Consistently between 4 and 4.5 lbs as advertised.

    Consistently between 4 and 4.5 lbs as advertised.

    I differentiate my triggers by what I will use for competition, and what will be used in a more “professional” context. My competition rifle still runs the RISE Armament 535, and likely will for some time. Until the KE Arms SLT-1, I’ve been running the RISE SST on my patrol and T&E Rifle.

    The little shiny bar in the trigger pin hole is the visible spring that locks the pin in place.

    The little shiny bar in the trigger pin hole is the visible spring that locks the pin in place.

    The pins have to go in so that the spring locks in the cut. It is easy to do since the locking cut is only one end.

    The pins have to go in so that the spring locks in the cut. It is easy to do since the locking cut is only one end.

    Installation was a breeze. The SLT-1 just drops right into your rifle’s fire control pocket (assuming, of course, it is mil-spec). One nice thing is that it is retained with standard fire control pins (which are secured with springs). This is one pain point for me with my RISE trigger is that I have to use anti-rotation pins which interfered with my Odin extended mag release. It is definitely nice to be able to use standard pins… They even have a nice installation video:

    I found the KE Arms SLT-1 to feel nearly identical to the RISE SST. The break and reset feel identical to me. The KE Arms had slightly less take up than the RISE, and neither of them had any over-travel.

    The shoe on the KE Arms is well-made (as is the whole unit). It is solid feeling and is comfortable on the finger. I had no lateral play.

    I am going to continue to run this trigger on one of my rifles, and we will see how it does over the next year–I’ll report back if I have any issues… Also just before this article was released, KE Arms sent me an updated version that had some improvements—namely a refined sear engagement. Russel indicated that it should have a cleaner pre-break than the original one I was sent, but I honestly couldn’t tell a difference.


    In my few years with The Firearm Blog, I have had the opportunity to get hands-on with really more triggers than I have guns, and I have found what really appeals to me. I’ve used “budget” mil-spec triggers that are amazing and handled “high-end” triggers on $4k rifles that have the consistency of a microwaved rotten melon–mushy and gross.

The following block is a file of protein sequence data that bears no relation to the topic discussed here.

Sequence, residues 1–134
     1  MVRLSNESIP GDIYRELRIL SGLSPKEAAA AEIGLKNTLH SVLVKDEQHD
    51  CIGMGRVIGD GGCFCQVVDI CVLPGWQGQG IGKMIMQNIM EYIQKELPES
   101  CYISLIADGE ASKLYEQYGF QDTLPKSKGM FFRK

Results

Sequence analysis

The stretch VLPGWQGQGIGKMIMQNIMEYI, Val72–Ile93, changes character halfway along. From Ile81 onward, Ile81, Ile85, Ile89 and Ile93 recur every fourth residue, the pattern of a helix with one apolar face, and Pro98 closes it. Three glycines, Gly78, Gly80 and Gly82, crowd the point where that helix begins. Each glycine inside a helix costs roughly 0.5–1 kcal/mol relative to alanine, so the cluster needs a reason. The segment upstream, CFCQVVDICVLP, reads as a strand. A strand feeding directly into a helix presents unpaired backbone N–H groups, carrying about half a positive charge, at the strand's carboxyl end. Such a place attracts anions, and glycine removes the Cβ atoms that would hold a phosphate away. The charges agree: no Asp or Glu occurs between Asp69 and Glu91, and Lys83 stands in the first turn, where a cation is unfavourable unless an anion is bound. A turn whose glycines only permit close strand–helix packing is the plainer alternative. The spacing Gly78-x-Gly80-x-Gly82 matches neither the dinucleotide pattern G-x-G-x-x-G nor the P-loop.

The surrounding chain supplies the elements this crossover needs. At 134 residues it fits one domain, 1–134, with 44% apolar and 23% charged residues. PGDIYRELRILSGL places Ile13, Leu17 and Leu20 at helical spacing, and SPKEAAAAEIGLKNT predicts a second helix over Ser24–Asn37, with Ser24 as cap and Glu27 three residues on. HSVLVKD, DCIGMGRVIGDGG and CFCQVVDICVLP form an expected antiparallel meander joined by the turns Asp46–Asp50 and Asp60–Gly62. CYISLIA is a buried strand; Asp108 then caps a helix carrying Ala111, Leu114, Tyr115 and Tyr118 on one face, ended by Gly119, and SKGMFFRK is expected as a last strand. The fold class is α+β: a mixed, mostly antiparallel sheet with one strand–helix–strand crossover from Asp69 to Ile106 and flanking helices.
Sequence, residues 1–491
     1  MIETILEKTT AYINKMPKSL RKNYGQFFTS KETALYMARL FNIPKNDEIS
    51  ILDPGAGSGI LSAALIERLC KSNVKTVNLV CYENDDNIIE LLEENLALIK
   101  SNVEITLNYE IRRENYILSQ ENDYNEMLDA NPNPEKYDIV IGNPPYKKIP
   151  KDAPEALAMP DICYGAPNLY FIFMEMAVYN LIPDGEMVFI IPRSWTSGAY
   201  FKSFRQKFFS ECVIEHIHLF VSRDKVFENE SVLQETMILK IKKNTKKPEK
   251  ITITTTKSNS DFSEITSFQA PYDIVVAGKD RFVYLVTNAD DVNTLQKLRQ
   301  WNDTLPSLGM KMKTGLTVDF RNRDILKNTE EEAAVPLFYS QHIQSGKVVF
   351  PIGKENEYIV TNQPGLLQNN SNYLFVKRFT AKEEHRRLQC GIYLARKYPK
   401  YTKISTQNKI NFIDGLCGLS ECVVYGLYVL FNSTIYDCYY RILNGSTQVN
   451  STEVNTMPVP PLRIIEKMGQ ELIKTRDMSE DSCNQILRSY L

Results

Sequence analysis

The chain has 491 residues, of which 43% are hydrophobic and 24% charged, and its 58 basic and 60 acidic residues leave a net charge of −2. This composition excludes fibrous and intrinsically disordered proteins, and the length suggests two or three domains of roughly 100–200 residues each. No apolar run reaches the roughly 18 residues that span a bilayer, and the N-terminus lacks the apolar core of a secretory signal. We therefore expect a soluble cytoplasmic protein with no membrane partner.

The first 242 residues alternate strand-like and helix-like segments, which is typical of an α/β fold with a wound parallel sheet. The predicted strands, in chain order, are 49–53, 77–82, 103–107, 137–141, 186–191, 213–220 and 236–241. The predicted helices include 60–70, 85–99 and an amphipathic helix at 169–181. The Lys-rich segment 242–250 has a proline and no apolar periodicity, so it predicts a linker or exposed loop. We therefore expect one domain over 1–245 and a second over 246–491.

So far a great trigger. Easy to install, clean operation.

    So far a great trigger. Easy to install, clean operation.

    The pain point for most people, I would assume, is getting enough intel on good triggers, especially ones that cost upwards of $150 (and more). You may hate the break or the reset. The shoe that looks awesome on the website may be uncomfortable on your finger. Ultimately all you have to go on is other people’s opinions.

    I can certainly recommend the KE Arms SLT-1 after running it for nearly 3 months and a couple thousand rounds. I beat my gear up on a regular basis, and given the amount of abuse it has already seen, I feel it will do just fine.

    If you are interested in giving one a try, you can find them on KE Arms website for $199.95 at:

    Tom is a former Navy Corpsman that spent some time bumbling around the deserts of Iraq with a Marine Recon unit, kicking in tent flaps and harassing sheep. Prior to that he was a paramedic somewhere in DFW, also doing some Executive Protection work between shifts. Now that those exciting days are behind him, he teaches wilderness medicine and runs an on-demand medical staffing business. He hopes that his posts will help you find solid gear that will survive whatever you can throw at it–he is known (in certain circles) for his curse…ahem, ability…to find the breaking point of anything.

    You can reach him at tom.r AT or at